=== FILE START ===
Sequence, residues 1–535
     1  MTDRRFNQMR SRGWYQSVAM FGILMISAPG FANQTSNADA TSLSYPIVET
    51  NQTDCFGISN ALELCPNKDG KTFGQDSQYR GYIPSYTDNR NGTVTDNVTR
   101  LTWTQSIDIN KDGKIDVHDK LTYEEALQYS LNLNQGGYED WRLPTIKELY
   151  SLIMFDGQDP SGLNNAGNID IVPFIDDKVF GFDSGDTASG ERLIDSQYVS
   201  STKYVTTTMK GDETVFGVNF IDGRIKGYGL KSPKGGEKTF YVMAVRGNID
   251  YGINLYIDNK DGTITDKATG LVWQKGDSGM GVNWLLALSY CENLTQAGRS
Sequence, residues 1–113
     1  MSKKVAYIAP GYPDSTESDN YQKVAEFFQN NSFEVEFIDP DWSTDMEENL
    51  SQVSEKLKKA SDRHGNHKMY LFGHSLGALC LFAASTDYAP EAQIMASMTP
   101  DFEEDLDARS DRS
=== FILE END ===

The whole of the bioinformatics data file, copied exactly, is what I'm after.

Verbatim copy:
Sequence, residues 1–535
     1  MTDRRFNQMR SRGWYQSVAM FGILMISAPG FANQTSNADA TSLSYPIVET
    51  NQTDCFGISN ALELCPNKDG KTFGQDSQYR GYIPSYTDNR NGTVTDNVTR
   101  LTWTQSIDIN KDGKIDVHDK LTYEEALQYS LNLNQGGYED WRLPTIKELY
   151  SLIMFDGQDP SGLNNAGNID IVPFIDDKVF GFDSGDTASG ERLIDSQYVS
   201  STKYVTTTMK GDETVFGVNF IDGRIKGYGL KSPKGGEKTF YVMAVRGNID
   251  YGINLYIDNK DGTITDKATG LVWQKGDSGM GVNWLLALSY CENLTQAGRS
Sequence, residues 1–113
     1  MSKKVAYIAP GYPDSTESDN YQKVAEFFQN NSFEVEFIDP DWSTDMEENL
    51  SQVSEKLKKA SDRHGNHKMY LFGHSLGALC LFAASTDYAP EAQIMASMTP
   101  DFEEDLDARS DRS